How does Social Security use Evidence to Decide an SSDI or SSI Disability Claim and Make a Decision?
Disability decisions for claims filed with the social security administration utilize a process known as sequential evaluation. Under this system, a disability examiner will essentially review the case evidence to determine if the claimant is capable of engaging in work activity while earning a livable wage (known as SGA or substantial gainful activity).
When a disability examiner at DDS (disability determination services) is working to evaluate and reach a decision on an SSDI claim (Social Security Disability insurance) or SSI (supplemental security income) case, the examiner will focus on evidence.
The "evidence" includes that evidence which has been supplied by the claimant at the time of applying for disability, and also that evidence which has been further gathered by the examiner from A) medical treatment sources, B) the claimant, C) employers (though this is not usually the case), and D) individuals who know the claimant (this is usually in the form of a third-party contact individual who has been listed by the claimant at time of filing for disability).
The evidence reviewed and evaluated by a disability examiner tends to fall into three types of categories: medical evidence, vocational evidence, and subjective assessments.
Medical evidence on a Social Security Disability or SSI case
This includes all the records that are gathered from the claimant's treatment sources, such as individual physicians, hospitals, and clinics. It will also include the results and reports obtained from any medical examinations that the claimant is sent to. These examinations are known as "consultative examinations". A CE is paid for by the social security administration and is performed by a medical physician, or psychiatrist if the exam is psychiatric in nature, or a psychologist if the exam involves memory or IQ testing.
Vocational evidence on a Social Security Disability or SSI case
This includes all the evidence that pertains to the claimant's work history. This will typically include the information that the claimant has supplied at the disability application interview regarding their past work history, as well as any work activity forms that have been requested by the disability examiner.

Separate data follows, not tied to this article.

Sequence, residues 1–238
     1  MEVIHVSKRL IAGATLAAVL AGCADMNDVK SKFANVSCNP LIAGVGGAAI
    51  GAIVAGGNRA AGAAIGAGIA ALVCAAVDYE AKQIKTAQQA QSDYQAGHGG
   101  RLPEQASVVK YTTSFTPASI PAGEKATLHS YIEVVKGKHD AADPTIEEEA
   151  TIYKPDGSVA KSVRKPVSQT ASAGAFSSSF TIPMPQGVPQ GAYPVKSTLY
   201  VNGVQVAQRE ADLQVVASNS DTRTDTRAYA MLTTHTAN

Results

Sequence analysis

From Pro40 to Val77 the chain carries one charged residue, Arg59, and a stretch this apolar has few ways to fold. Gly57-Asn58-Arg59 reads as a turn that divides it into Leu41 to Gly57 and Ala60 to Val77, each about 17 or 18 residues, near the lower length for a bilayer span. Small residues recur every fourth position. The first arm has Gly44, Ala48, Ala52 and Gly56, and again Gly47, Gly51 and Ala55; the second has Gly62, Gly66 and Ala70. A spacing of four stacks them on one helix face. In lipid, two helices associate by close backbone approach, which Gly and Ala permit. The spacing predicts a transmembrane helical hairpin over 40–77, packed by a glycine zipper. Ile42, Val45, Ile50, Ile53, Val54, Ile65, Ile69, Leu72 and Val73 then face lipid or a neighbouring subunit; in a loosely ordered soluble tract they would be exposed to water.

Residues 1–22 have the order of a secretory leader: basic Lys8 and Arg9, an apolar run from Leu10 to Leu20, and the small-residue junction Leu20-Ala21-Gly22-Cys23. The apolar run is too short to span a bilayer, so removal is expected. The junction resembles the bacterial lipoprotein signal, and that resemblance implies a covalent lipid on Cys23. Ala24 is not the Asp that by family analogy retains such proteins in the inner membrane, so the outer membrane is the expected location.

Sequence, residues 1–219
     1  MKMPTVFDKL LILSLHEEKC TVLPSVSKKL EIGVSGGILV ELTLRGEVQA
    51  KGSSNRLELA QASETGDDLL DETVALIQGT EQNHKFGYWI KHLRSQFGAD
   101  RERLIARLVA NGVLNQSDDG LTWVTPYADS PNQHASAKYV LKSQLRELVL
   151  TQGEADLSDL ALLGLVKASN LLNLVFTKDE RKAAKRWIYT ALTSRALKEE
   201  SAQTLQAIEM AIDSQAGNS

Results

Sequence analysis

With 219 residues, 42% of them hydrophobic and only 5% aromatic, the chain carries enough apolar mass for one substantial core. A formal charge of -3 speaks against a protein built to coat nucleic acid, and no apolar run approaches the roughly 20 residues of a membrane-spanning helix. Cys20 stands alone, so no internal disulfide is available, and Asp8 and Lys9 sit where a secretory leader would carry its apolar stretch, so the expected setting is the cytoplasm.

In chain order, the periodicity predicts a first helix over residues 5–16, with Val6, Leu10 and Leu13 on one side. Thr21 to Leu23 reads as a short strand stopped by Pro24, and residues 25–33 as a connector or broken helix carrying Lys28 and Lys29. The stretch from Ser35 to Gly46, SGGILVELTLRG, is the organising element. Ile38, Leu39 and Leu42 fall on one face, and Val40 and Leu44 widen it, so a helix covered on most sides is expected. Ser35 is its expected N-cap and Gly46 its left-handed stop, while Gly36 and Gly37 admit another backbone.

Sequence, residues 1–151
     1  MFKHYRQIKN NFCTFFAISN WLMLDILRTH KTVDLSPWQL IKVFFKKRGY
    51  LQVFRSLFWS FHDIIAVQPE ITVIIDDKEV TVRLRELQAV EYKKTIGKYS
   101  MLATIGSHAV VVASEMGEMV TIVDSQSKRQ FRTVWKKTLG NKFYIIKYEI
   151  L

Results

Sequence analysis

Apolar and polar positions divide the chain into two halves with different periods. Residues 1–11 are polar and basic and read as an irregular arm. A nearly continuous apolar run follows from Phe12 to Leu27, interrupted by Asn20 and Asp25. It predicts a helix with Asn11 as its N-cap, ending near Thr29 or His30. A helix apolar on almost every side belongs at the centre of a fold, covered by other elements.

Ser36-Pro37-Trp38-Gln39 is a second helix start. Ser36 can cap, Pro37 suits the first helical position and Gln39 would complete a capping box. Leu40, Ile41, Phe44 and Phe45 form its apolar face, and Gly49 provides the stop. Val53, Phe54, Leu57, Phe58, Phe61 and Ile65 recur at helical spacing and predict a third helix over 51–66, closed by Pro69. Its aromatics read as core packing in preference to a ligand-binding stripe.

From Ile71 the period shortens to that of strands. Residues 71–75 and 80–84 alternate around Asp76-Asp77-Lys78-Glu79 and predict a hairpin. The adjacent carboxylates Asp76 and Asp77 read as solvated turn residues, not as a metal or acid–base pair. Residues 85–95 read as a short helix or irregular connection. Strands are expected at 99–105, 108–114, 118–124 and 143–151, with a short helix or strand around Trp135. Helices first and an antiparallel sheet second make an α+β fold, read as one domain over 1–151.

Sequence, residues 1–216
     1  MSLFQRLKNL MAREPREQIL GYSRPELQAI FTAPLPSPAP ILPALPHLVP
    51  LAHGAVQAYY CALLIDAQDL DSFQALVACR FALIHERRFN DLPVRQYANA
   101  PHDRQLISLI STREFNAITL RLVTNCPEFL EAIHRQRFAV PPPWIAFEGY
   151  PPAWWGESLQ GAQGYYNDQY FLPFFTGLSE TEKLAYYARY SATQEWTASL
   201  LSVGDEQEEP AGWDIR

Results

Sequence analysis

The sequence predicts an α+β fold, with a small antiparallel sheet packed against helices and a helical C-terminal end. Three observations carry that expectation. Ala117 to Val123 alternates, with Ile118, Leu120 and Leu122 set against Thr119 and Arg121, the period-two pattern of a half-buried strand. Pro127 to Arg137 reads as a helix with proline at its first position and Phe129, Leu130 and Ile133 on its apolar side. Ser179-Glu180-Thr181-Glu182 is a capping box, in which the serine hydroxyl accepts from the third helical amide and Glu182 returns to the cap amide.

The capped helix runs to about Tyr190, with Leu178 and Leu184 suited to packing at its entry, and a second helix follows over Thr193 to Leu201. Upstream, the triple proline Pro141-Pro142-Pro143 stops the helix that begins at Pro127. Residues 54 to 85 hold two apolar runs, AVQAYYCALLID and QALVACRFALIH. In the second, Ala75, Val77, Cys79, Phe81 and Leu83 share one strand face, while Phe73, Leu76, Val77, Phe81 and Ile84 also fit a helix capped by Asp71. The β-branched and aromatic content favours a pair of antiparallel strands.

It may also involve any information gathered directly from the claimant's former employers (though, ordinarily, disability examiners do not take the time to contact former employers). Lastly, vocational evidence can include the testimony of a vocational expert at a disability hearing if the administrative law judge holding the hearing has determined that it is necessary.
This correlates with information gathered from the disability claimant or from individuals who know the claimant. A good example of this is information obtained that records ADLs, or activities of daily living. To elaborate, very often disability examiners will either phone an applicant or send them them a form to complete that asks about their daily activities.
Examples of the questions that are asked include: "Are you able to cook?", "How do you go about your grocery shopping?", Can you use a vacuum cleaner?", "Can you reach into cupboards?", Can you bend down to retrieve items from cabinets?", "Do you have difficulty with personal hygeine tasks such as bathing?", etc.
The objective of this type of questioning is for the disability examiner to learn whether or not the claimant is experiencing any day-to-day functional limitations. Why are such limitations important? Because these are the same types of limitations that might be reflected in a work environment, meaning that if a person has difficulty picking up a bag of groceries, they might also have difficulty picking up a container or box.
Or if that same individual has difficulty buttoning a shirt due a hand impairment, they might also have difficulty with fine and dexterous movements involving precision tools or even in operating equipment.
About the Author: Tim Moore is a former Social Security Disability Examiner in North Carolina, has been interviewed by the NY Times and the LA Times on the disability system, and is an Accredited Disability Representative (ADR) in North Carolina. For assistance on a disability application or Appeal in NC, click here.
Most popular topics on SSDRC.com
Social Security Disability in North Carolina
Common Mistakes to avoid after being denied for Disability
Tips to Prepare for Filing for Social Security Disability or SSI
Advice to Win SSD and SSI Benefit Claims
Social Security Disability SSI Questions
What is the difference between Social Security Disability and SSI?
How to get disability for depression
Getting disability for fibromyalgia
SSI disability for children with ADHD
What is the Application Process for Social Security Disability and SSI?
Social Security Disability SSI Exam tips
More Social Security Disability SSI Questions
What makes you eligible for Social Security Disability or SSI?
Disability Lawyer North Carolina
How does Social Security Decide if I am Disabled?
How Does Social Security Decide How Much I Get For Social Security Disability or SSI?
How Will Social Security Decide a Disability Case that's filed?
Who will decide my Social Security Disability claim?
Does Your Doctor Decide If You Get Disability Benefits from Social Security or SSI?
How long does it take to get SSI Disability Benefits?
How does Social Security Disability Decide if you can Work or Not?
How does Social Security use Evidence to make a Decision?
Filing a second application for disability
Will I Qualify for Disability in Colorado?
Can you work and apply for disability in Colorado?
What is the minimum you can get on disability in Colorado?
These pages answer some of the most basic questions for individuals who are considering filing a claim.
Filing for disability and financial help